Healing

Testing Jesus

THE GOSPELS OF Mark and Matthew both include the story of a Gentile woman who begs a reluctant Jesus to heal her daughter (Mark 7:24-30 and Matthew 15:21-28).

I thought of these texts last fall while reading I Know Why the Caged Bird Sings, an autobiographical work of the acclaimed poet Maya Angelou, who died last year. Born in 1928, Angelou spent most of her childhood with her grandmother in small-town Stamps, Ark. After a few years of eating candy from her grandmother’s grocery store, Maya developed two cavities that, she writes, “were rotten to the gums.” However, the white dentist in Stamps did not take “Negro” patients, and the closest black dentist was 25 miles away.

For several days no aspirin touched the blinding pain, so her grandmother finally took her to the white dentist, determined to beg and plead for help. Her grandmother recounts the dentist’s final rejection in highly colorful language: “Said he’d rather put his hand in a dog’s mouth. … He said, ‘Annie, I done tole you, I ain’t gonna mess around in no niggah’s mouth.’”

We may recoil at such naked racism, but in the segregated Jim Crow South, this sentiment must have been typical. I can imagine white churchgoers reacting to this story by thinking, “The nerve of that woman begging help from a white dentist! She got what she deserved.”

In Mark, we find Jesus also comparing a woman of a different race to a dog. Matthew includes the same story, only here Jesus adds that he has no obligation to this woman because “I was sent only to the lost sheep of the house of Israel” (15:24). Most commentators are uncomfortable with Jesus’ response in both places, but it is often softened by an explanation that he was testing this woman to see if she had enough faith. Or perhaps he teased her, with a twinkle in his eye, by calling the dogs “puppies”!

Darn It!

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Telling Old Stories, Again and Again

Spool of old thread. Image via TAGSTOCK1/shutterstock.com

Spool of old thread. Image via TAGSTOCK1/shutterstock.com

At a church workshop last week, I set aside my carefully planned teaching and just let people talk.

It became clear that everyone had an old story they needed to tell. Until it was heard, no one in the room could or would move on to thinking about the future. And even when it was heard, half of them would keep cycling back to the old story.

I sensed that, for some, the old story contained an identity, in the sense of “this story is who I am.” I need to keep telling this story so that you know me. Until I am sure you’ve heard it, know me, and accept me, I can’t stop.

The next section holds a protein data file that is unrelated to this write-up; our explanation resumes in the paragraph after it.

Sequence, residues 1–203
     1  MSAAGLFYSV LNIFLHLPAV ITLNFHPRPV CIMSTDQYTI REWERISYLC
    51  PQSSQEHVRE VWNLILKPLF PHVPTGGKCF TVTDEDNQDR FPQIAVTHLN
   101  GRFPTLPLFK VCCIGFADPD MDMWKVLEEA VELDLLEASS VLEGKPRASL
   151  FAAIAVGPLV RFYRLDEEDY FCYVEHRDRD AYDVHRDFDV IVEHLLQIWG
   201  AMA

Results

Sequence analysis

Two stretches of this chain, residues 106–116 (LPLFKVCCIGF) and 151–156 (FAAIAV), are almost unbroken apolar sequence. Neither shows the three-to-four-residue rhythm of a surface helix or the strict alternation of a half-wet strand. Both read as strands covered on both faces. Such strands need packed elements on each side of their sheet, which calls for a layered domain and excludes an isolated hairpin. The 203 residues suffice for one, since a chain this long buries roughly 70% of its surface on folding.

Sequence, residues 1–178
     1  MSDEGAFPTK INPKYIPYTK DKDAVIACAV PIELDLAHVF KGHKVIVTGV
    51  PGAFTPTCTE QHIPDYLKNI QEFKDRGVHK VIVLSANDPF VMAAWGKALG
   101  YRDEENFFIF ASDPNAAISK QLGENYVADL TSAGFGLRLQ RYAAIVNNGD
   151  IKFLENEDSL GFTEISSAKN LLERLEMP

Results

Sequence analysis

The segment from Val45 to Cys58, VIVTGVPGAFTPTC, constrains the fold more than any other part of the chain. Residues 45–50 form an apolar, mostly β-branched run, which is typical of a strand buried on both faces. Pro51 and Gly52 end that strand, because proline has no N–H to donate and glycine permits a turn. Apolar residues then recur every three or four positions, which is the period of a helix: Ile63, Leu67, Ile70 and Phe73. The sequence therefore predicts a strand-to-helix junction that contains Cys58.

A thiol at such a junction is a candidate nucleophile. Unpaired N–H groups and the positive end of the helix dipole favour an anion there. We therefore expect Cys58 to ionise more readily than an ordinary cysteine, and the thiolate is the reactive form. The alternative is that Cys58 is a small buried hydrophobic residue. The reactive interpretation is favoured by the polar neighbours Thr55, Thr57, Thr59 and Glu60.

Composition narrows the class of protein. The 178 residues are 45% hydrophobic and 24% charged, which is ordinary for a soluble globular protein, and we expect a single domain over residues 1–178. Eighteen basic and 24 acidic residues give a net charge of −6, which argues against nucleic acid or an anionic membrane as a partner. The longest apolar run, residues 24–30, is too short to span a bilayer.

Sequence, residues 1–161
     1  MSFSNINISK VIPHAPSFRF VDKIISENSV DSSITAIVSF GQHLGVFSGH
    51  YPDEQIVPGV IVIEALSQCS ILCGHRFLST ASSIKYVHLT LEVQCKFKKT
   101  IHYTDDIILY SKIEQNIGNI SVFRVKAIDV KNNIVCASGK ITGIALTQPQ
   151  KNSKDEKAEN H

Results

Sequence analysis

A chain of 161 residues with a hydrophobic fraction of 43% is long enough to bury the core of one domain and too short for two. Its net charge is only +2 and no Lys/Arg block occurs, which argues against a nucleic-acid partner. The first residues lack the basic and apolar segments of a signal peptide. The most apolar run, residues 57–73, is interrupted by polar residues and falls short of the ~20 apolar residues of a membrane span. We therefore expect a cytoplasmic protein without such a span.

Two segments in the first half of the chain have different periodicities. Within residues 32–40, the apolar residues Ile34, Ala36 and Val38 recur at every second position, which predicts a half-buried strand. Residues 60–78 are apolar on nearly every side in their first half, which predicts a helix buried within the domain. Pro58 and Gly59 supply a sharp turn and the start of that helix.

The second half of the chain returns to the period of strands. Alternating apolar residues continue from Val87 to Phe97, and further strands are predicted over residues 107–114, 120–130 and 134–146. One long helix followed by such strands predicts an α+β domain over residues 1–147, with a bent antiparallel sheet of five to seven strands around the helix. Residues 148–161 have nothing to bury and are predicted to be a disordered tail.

For some, the old story was the burden on their back, the cloud over their heads. This story explains why I fall short, seem hesitant or even paralyzed. If you know my story, maybe you can accept me and forgive me.

For some, the old story was the safe place, the known that kept the scary unknown at bay. As long as I keep telling this story and presenting the me that existed yesterday, I don’t have to contemplate the ways I am changing and the tomorrow that worries me.

It was like a case study in the long-ago classic, “I’m OK — You’re OK.” People wanted to know they were OK — acceptable and maybe someday even loved.

I think back to a recent lunch with the rector of the local Episcopal church, where I kept peeling the onion, telling her one thing about myself and then, if she accepted that, telling her something more. She was doing the same. If we know each other and still accept each other, then we can be in relationship.

Torturous Logic

As servants of a Lord who was tortured to death, we must commit to healing the wounds we have inflicted. 

Jim Wallis is president of Sojourners. His book, The (Un)Common Good: How the Gospel Brings Hope to a World Divided, the updated and revised paperback version of On God’s Side, is available now. Follow Jim on Twitter @JimWallis.

The Right and Logical Thing to Do

Street art items. Photo via CTR Photos / Shutterstock.com

We’ve lost Leonard Nimoy. Justly famous as Star Trek’s iconic Mr. Spock, he was also a poet, musician, and photographer. And he was my role model.

I was 10 when I discovered Star Trek—and I immediately gravitated toward the taciturn Vulcan who embraced logic and science even as he wrestled with deep human emotion. The resemblance between Spock and the pre-teen me would have been startling had I recognized it as such; instead, I only saw a character who embodied the conflicts I felt—intellectually and emotionally.